I wander what is alert...When I had subscription that alert was useless.Why? because When I am loged in alert doesnt pop up on the screen in real time...it was sent by e-mail...Also those triangles should appear on lower time frames not only for Day or week or month...Simple for intraday trading...I trade forex which is 24 hours open...I have no need to wait days and months for triangle to show up...
Let me know when you meet my requirements...
No, it is specifically for stocks, which I find works very well for me.
It could be adapted for the forex market,I think you can 'drill down' to the next lower time frame (ie 4hr/2hr chart) you just need to know (like you stated) tha atr . The forex market is highly volatile, as you know, so you have to be careful about putting in too tight a stop. I personally don't like to trade intraday because of this. I think daily/weekly charts are less stresful and you can take your time in assessing your positions (ie; once a day/week)and allow your trades to 'breathe'. Intraday trading,I find, is too precarious, and Iv'e had my fair share of losing trades, and feel that a more calm, timely approach leads to better calls.Remember, the only people that end up making money on 'intraday mania' are the brokeage firms, who couldn't care less if you win or lose, they get paid on every trade you take, and know that in the end, the average trader gets too carried away in the excitement of 'trading'. There is a growing industry built on 'suckering' people to buy 'robots', systems etc. As you know 90% of traders LOSE money, the next 5% break even! Trading should be 'boring' and executed in a calm, non-excited way. That's way Adam Hewison's Trade Triangle technology is made specifically for the Swing Trader, and is great for executing trades, giving specific signals on a daily to weekly basis. Remember, it's not the quantity of trades, but the QUALITY that's the most important thing. Again, not LOSING money, and letting the profits 'run'.
I hope this helps Yosry
All the very best
but i was more specific . i was not talking about stocks od future. i was talking specificaly about forex, and more specificaly about EUR, minding that daily ATR (average true range)of EUR fluctuates between 150-200 pips
did you trade forex using the same tactics? because 0.5% is slightly large in forex i think.
Hi there everyone
Here in the uk we do what is termed as 'Spreadbetting' which involves highly leveraged stocks, rather like FOREX.
I find that once I've entered a trade,I enter my stop below the lowest significant bar if going long (vice versa if short)and trail my stop on the next closed candlestick, minus spread, minus 0.5%, and do that deliberately on every closing bar, until I get 'stopped out'. I know this is an aggressive strategy, but PRESERVING capital is THE most important thing in my books, out of any trading position, and I find that although you trade more often, you are following a profit orienteered system (hopefully larger win, smaller loss) and don't have to worry about exiting, as your 'stop' will do it for you.Plus you want to get to 'breakeven' as quickly as possible, so you can have a 'free trade', and not worry about the possiblity of reversals and LARGE losses!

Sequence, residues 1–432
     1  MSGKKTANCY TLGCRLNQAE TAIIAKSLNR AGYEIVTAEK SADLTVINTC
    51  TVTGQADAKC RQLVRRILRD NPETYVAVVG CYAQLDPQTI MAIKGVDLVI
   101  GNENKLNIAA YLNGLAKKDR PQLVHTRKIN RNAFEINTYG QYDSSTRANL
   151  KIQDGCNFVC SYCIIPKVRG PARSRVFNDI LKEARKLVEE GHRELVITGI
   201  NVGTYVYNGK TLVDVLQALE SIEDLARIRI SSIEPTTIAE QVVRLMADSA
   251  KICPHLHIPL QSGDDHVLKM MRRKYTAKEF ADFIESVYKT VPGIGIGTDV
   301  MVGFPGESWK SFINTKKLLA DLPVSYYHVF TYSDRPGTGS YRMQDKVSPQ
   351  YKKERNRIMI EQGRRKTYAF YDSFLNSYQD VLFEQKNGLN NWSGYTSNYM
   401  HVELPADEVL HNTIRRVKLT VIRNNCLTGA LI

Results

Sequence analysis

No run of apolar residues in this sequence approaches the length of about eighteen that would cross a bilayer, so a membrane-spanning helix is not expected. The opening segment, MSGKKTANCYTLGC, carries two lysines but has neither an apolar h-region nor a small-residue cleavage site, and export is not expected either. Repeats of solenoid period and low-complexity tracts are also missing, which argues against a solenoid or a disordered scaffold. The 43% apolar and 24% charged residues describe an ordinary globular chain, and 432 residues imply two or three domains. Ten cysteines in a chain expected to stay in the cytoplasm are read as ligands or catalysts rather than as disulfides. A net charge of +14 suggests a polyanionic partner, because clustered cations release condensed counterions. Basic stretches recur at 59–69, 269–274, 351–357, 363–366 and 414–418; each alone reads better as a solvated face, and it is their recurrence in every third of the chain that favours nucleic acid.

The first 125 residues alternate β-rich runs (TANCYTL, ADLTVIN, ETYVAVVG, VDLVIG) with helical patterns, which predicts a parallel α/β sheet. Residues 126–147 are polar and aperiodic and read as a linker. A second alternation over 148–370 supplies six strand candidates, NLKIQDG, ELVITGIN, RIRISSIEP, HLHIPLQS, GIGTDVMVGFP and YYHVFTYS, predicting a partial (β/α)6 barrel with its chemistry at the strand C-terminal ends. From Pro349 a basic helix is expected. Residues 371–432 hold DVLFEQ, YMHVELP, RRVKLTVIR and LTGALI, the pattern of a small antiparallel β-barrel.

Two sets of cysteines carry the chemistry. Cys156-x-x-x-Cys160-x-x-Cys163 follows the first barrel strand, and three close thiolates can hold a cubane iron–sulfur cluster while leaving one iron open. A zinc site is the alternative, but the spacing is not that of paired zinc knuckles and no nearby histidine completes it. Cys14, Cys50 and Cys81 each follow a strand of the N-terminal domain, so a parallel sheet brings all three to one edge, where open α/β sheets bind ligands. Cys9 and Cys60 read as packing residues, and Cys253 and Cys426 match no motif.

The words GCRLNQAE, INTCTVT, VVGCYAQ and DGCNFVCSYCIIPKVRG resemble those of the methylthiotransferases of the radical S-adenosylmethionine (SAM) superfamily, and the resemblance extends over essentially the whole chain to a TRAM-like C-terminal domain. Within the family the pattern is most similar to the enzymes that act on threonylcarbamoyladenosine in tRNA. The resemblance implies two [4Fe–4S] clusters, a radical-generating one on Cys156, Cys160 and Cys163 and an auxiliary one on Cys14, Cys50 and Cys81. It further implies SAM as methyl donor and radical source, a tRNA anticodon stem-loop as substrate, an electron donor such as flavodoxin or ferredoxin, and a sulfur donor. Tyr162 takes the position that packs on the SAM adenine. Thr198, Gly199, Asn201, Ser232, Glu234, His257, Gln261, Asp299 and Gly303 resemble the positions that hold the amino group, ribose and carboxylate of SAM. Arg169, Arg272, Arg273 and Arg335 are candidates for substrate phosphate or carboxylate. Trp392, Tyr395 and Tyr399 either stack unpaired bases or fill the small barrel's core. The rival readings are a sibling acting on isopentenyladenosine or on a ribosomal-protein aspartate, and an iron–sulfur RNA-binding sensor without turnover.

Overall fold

I hope this helps anybody out there, and value any 'feedback' from my fellow traders
All the best
just to carify;
if i am using fixed trailing stop as in ur example above, so lets say if i went long at 1.4360, so when should i move my trailing stop to 1.4460 ? is it when the price hit 1.4560?
I think it depends on the type of trade, ( futures, stocks currencies etc) and the volatility of the trade. If, for example, a 100 point gain represent a really nice profit, you would do well to bring in a trailing stop to at least your opening entry and probably closer..You do not want to take a chance on being taken out by freakish market action resulting in a reversal and having to pay for it too!!l.. I am always looking for an opportunity to get into "no risk" situations by moving my stops into areas I think I will be safe and allow the profit to run...Rule of the thumb I think is to always lock into some profit once the trade is in your favor..That is exactly what a trailing stop would for you..From watching your charts and assuming no freaky stuff occurs, you can judge when the trade is beginning to fade on you and then move your stops to take advantage....
Some platforms allow a "trigger" point before the trailer is set in motion. One very conservative play I like to use is a one conceals the other type of trade... This allows you to place an entry order, exit order and stop loss all at the same time..conservative in that you are limiting the max profit run but nice to know when you are going in, what your risks are and your potential profit..Once one side of the trade is triggered, the other side is cancealed.
I agree with Bobby too. I swing and day trade (more the former) and use trailing stops a lot. What I do (when I'm being disicplined, that is) is start with an 8% stop ala Bill O'Neil of IBD, or stay glued to the screen and do that manually. As the position rises to say 7-8% gain (remember this is swing trading, not investing where you'd be looking for a larger number) I will move the stop percentage up closer, perhaps even into the region where market noise might trigger it, and breath a sigh of relief, knowing that I have absolutely locked in some of the possible profits on this trade.